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Problems with the system
Experts say HRSA’s plan doesn’t directly address how it would improve organ availability and efficient delivery, which are key to improve access and fairness.
“We’re all excited about the possibility for system reform," Cameron said. But "the rate-limiting factor here is ... lack of available organs."
The plan to increase competition and more oversight of organ procurement organizations is "appropriate, but will not be the game changer that patients on the waitlist need," he said.
The Senate Finance Committee has been investigating the network and UNOS since 2020.
Last August, the committee released its report concluding that 28,000 more organs could be transplanted every year if regulations were reformed and organ procurement organizations were held accountable. Experts estimated it could save up to $40 billion over the next decade.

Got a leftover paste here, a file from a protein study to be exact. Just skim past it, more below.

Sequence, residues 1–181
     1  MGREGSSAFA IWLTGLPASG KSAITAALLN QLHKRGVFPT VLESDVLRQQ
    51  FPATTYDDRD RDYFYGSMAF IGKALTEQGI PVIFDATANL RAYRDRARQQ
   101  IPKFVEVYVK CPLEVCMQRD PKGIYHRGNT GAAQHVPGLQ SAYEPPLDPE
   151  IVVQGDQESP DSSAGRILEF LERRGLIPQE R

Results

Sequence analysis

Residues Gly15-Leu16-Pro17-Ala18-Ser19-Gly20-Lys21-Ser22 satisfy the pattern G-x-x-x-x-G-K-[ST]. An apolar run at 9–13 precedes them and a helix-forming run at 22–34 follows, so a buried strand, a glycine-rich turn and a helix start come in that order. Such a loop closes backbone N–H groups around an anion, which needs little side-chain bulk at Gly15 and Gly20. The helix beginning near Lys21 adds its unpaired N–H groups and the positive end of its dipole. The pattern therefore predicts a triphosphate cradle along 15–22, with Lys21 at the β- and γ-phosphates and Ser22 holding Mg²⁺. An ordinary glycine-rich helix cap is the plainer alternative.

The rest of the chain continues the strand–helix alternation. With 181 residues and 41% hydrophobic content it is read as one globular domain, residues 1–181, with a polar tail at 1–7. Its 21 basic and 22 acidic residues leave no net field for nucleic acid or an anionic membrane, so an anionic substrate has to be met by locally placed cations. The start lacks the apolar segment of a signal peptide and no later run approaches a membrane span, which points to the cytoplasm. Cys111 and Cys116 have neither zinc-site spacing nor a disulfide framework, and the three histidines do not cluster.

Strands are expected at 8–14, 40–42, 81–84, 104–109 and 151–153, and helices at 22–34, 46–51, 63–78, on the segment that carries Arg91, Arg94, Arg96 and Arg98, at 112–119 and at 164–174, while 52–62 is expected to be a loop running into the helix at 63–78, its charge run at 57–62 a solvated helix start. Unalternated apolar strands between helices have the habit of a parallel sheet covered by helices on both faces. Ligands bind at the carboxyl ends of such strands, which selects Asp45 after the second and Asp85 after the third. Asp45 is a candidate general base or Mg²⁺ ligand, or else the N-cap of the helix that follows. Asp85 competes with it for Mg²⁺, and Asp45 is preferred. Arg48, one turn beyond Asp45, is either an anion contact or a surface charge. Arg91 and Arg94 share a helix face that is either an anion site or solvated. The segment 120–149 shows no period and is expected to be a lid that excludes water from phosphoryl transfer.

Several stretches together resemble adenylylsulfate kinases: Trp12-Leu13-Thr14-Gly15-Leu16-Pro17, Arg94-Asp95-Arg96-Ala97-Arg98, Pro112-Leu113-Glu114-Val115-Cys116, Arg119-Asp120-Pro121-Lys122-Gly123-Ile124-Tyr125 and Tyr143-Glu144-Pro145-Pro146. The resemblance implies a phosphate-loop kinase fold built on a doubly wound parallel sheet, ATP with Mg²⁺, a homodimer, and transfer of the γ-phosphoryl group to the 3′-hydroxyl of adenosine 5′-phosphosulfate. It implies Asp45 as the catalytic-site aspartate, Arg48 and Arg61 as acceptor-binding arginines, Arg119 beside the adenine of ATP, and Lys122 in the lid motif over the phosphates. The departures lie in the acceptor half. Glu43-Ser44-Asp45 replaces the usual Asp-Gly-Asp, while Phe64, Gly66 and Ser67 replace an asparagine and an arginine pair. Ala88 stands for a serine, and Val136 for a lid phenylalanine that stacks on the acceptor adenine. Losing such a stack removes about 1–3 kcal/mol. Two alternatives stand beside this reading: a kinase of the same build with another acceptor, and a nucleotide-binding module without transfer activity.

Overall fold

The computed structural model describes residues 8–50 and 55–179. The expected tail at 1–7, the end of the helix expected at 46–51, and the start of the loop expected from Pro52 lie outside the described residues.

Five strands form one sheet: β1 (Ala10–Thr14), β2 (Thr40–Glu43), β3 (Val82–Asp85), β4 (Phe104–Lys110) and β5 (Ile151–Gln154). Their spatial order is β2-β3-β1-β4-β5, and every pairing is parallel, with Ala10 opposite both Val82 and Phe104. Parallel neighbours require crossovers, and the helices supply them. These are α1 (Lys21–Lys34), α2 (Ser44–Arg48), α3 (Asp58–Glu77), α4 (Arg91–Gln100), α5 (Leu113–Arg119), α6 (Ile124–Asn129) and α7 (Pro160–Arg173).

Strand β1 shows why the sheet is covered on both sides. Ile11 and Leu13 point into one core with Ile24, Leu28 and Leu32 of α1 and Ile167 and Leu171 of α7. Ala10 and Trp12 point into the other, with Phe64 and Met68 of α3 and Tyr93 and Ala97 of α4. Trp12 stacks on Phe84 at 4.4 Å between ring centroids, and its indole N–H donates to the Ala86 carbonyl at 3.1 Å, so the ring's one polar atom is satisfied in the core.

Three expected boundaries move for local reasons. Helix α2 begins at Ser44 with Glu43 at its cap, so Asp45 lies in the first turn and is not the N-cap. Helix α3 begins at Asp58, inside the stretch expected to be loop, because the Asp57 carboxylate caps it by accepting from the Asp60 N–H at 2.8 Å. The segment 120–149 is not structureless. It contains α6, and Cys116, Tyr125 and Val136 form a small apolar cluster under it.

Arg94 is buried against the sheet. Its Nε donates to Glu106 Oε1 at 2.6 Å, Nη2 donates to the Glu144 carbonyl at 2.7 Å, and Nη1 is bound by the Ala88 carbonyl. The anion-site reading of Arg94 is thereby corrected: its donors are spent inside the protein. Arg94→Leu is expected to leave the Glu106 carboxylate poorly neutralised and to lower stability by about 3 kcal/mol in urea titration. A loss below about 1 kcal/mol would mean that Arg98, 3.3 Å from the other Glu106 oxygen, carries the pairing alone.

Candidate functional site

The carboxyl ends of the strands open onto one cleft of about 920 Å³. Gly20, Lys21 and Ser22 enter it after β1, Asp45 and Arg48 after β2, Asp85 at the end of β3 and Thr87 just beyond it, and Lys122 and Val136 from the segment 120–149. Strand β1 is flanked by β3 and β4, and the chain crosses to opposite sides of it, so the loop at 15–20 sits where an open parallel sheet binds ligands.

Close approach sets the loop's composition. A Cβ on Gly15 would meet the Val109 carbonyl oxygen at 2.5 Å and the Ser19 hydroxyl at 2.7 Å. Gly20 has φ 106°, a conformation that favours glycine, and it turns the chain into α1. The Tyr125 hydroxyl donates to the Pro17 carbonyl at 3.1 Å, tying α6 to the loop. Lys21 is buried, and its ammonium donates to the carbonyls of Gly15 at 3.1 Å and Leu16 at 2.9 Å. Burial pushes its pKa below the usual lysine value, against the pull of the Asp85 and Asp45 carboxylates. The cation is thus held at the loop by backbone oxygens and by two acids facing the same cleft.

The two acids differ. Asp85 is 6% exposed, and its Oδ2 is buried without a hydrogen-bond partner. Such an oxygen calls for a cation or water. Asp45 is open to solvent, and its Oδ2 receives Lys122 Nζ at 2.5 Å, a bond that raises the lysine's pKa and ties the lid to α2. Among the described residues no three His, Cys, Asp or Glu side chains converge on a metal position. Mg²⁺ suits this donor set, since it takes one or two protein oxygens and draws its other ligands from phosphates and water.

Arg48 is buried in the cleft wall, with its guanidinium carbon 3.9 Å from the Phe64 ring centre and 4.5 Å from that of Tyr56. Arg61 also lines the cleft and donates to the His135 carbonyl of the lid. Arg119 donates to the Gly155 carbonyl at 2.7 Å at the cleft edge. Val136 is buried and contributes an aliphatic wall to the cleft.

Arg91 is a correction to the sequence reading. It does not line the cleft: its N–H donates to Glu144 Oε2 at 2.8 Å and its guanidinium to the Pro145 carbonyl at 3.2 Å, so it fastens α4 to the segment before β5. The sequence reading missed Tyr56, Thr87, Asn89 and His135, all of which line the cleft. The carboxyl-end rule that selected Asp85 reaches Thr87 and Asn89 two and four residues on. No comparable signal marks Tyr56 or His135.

The report also found the network's failures in oversight caused risks to patient safety, testing procedure errors, and transportation problems that resulted in "lifesaving organs being lost or destroyed in transit."
And ultimately, the investigation found, UNOS didn't have the technical expertise to update the network's IT system, which could result in technical interruption or failure that could harm patients.
“The system is, I would say – old,” said Rosas, of the National Kidney Foundation. “We need a better transport system.”
Rosas hopes changes will increase transparency and tracking. Sometimes, Rosas said, patients aren’t even aware they were offered a transplant or were rejected.
“We want to be the best transplant allocation system, have the least amount of waste, be able to utilize this precious gift that the donor and the donors' families are giving to our patients," she said. "It needs to be treated as the precious gift."
The announcement this week also comes on the heels of a Washington Post analysis that found large numbers of livers are going to waste after UNOS implemented a policy in 2020 that prioritized the sickest patients no matter their location, jeopardizing patients in areas that already lacked health care access.